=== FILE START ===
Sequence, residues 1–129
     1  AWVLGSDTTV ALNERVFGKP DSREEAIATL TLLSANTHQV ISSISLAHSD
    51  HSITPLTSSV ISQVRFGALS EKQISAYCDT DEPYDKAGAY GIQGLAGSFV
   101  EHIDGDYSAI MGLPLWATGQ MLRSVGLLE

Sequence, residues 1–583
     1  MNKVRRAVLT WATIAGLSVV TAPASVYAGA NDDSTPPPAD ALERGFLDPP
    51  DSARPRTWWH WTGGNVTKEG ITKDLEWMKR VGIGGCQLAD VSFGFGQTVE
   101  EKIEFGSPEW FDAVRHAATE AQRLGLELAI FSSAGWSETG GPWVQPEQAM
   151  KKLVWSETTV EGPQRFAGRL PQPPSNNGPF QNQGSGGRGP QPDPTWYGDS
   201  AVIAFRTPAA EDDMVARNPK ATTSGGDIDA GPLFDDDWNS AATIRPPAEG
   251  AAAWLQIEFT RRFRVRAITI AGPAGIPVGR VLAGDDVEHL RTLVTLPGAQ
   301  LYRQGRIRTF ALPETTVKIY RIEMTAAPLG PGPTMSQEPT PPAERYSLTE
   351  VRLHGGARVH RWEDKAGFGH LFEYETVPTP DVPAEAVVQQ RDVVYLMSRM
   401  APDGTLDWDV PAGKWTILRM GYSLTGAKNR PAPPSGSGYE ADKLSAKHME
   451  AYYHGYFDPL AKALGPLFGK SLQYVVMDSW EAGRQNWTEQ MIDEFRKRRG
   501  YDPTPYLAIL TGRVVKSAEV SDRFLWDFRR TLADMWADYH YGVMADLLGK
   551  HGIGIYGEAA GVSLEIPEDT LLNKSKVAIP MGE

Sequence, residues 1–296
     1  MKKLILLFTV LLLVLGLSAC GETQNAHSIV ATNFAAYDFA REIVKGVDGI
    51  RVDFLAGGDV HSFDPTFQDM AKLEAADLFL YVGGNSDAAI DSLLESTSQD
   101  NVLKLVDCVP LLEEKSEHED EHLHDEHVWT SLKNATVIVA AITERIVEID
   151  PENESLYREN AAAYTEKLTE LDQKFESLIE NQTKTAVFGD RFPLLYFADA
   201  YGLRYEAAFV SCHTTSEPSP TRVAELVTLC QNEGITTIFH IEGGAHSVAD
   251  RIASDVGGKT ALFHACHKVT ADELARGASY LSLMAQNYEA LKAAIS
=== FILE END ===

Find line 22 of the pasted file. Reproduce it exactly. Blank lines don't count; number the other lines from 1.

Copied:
   151  PENESLYREN AAAYTEKLTE LDQKFESLIE NQTKTAVFGD RFPLLYFADA